This Parent newsletter has been created by the NK Prevention Coalition.  Parenting IS Prevention.
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Risks of Adolescent Marijuana Use

Be in the KNOW!  With MA legalizing marijuana for recreational use, it is important to stay informed 

Marijuana can be used in different ways, including smoking, vaping, eating as an “edible,” or dabbing, which means smoking or inhaling marijuana in the form of hash oil or wax. The typical percentage of tetrahydrocannabinol (THC), the most active ingredient in marijuana, has increased in marijuana making them more potent.

High amounts of THC can increase the risk for negative effects. The consequences of being exposed to high levels of THC, including addiction, are still not well-understood. 

Using marijuana and alcohol together can be especially unpredictable and harmful  Driving under the influence of marijuana can also lead to injury or death for users and those sharing the road with them.

Health Effects Can Be Long-Term

Researchers are still studying the long-term health effects of marijuana. Most people agree that marijuana use hurts adolescents more than adults. However, anyone who uses marijuana may suffer from negative health effects, such as testicular cancer, heart attacks, respiratory disease, a weakened immune system, pregnancy complications and low birth weight. Marijuana use also is linked with cognitive problems; low academic achievement; impaired social functioning; and mental health disorders, including depression and anxiety. 

Brain Development 

A fair amount of research shows marijuana can have negative effects for adolescents. Such effects can include:

  • Changes to the brain’s structure  
  • Lower quality of brain connections
  • Less blood flow to parts of the brain1

These changes may hurt brain functioning in adolescents. Marijuana use has been linked to lower IQ scores as well as poorer memory and attention.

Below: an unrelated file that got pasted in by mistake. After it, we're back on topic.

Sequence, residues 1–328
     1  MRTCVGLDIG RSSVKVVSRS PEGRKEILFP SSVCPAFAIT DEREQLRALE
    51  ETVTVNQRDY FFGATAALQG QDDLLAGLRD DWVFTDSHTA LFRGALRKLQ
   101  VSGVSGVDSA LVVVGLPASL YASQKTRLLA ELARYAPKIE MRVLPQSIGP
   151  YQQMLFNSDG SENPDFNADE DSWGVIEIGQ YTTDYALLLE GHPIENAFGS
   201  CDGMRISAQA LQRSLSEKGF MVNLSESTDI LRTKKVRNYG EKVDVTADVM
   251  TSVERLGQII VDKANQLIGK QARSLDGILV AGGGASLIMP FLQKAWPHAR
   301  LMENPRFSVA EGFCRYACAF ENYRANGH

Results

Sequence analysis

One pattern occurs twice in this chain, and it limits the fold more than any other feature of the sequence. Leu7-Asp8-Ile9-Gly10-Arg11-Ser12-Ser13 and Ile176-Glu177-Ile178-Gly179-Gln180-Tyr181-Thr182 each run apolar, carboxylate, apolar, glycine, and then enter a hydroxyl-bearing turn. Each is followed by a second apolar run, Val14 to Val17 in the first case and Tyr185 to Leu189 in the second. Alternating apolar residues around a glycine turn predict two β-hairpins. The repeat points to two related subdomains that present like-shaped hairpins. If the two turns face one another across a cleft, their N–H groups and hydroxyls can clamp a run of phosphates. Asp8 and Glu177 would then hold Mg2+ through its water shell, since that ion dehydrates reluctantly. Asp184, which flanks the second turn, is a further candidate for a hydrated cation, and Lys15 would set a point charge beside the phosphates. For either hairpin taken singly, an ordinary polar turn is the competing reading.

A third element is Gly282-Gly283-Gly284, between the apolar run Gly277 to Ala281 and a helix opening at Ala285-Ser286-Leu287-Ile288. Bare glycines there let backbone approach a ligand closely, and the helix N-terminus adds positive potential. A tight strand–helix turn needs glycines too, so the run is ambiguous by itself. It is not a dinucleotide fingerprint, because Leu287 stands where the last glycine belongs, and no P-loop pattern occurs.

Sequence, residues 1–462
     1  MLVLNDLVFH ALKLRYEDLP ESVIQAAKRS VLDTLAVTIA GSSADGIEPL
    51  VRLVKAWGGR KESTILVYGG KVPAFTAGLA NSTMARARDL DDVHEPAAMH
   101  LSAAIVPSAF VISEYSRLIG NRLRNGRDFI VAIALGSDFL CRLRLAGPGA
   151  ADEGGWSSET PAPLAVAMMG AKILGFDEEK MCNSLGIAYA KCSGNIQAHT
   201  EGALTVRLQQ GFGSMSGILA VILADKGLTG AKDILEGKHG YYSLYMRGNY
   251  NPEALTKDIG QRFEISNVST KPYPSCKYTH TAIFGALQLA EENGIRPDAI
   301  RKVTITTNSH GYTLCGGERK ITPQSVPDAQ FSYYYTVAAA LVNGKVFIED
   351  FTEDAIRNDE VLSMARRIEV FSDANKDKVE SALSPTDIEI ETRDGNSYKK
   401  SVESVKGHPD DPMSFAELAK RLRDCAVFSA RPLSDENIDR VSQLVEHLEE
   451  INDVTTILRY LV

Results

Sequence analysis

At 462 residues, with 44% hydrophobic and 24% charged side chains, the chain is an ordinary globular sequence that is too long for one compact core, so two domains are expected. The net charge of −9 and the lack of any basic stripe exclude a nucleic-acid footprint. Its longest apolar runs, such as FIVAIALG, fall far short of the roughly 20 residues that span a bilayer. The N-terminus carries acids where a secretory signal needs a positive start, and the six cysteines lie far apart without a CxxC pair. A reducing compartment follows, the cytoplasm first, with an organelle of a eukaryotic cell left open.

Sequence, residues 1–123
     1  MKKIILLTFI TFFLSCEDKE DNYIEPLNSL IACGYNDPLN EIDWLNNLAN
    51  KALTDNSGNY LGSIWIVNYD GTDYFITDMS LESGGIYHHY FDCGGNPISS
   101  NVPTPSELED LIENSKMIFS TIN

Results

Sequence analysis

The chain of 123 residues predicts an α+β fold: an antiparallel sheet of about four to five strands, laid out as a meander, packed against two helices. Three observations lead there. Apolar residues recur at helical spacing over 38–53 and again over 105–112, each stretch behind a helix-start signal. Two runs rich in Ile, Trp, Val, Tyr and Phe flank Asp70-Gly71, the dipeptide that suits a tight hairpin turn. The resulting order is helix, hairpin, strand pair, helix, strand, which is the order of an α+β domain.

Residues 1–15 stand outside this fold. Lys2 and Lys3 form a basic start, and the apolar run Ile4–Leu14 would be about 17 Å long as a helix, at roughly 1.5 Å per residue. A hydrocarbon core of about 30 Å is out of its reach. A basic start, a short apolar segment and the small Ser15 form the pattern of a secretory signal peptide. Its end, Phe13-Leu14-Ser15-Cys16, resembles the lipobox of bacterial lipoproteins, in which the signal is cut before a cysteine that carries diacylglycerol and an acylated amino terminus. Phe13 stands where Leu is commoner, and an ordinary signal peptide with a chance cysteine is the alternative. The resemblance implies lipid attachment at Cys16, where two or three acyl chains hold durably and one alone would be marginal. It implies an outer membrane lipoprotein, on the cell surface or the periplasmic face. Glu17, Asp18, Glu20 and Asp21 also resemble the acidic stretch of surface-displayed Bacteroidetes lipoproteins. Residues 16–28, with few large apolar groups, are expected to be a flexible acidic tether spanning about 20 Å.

Scientists still have many questions about how marijuana affects the brain long-term. Factors that can shape marijuana’s effects on the brain include when someone starts using marijuana, how often they use it, and whether they use other substances at the same time. 

The brains of young people grow and are formed up through their mid-20s. It is important to protect those brains by preventing exposure to substances that could harm them.   


Marijuana can be addictive. Nearly one in 10 marijuana users will become addicted. Signs that someone might be addicted include being unable to stop using marijuana, using it even though they know it is causing problems, and using marijuana instead of joining important activities with friends and family. People who frequently use marijuana often report withdrawal symptoms. These symptoms include being irritable or restless, having a small appetite, experiencing cravings, and problems with mood and sleep. 

Starting to use marijuana at a younger age can lead to a greater risk of developing a substance use disorder later in life. Adolescents who begin using marijuana before age 18 are four to seven times more likely than adults to develop a marijuana use disorder.3

Legal Status of Marijuana

Marijuana is illegal under federal law. It is also illegal to drive under the influence of alcohol or drugs, including marijuana - PDF

State laws vary exit disclaimer icon and are subject to change, but as of August 2017, people under the age of 21 cannot buy recreational marijuana, and people over 21 cannot give marijuana to people under 21. The most recent research suggests that, to date, states with medical marijuana laws have not seen an increase in adolescent use.4-7

MORE here: When Adolescents Give up Pot, Their Cognition Quickly Improves.

In the news....

Family Check Up:  Could Your Kids Be at Risk for Substance Use?

Families strive to find the best ways to raise their children to live happy, healthy, and productive lives.  Parents are often concerned about whether their children will start or are already using drugs such as tobacco, alcohol, marijuana, and others, including the misuse of prescription drugs.  Research supported by the National Institute on Drug Abuse (NIDA) has shown the important role that parents play in preventing their children from starting to use drugs.